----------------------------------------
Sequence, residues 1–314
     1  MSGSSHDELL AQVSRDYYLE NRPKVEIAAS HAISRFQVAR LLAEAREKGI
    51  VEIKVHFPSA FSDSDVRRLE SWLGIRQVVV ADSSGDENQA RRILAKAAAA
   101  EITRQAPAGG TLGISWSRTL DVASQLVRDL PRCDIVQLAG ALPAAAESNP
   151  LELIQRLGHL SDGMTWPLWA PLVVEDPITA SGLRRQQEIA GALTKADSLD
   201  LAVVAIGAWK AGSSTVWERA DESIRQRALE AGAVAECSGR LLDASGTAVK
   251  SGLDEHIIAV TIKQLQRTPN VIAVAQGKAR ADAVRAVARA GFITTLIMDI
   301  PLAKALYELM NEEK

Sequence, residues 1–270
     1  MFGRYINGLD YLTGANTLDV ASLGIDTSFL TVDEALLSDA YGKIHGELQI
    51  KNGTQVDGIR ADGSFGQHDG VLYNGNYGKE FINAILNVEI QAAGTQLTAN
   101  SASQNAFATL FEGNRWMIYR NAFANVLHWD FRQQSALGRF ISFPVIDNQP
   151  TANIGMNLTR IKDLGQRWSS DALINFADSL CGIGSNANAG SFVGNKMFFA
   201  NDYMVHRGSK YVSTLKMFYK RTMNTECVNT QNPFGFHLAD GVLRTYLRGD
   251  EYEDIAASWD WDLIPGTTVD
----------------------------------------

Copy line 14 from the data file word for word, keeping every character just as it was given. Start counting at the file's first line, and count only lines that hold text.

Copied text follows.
   201  NDYMVHRGSK YVSTLKMFYK RTMNTECVNT QNPFGFHLAD GVLRTYLRGD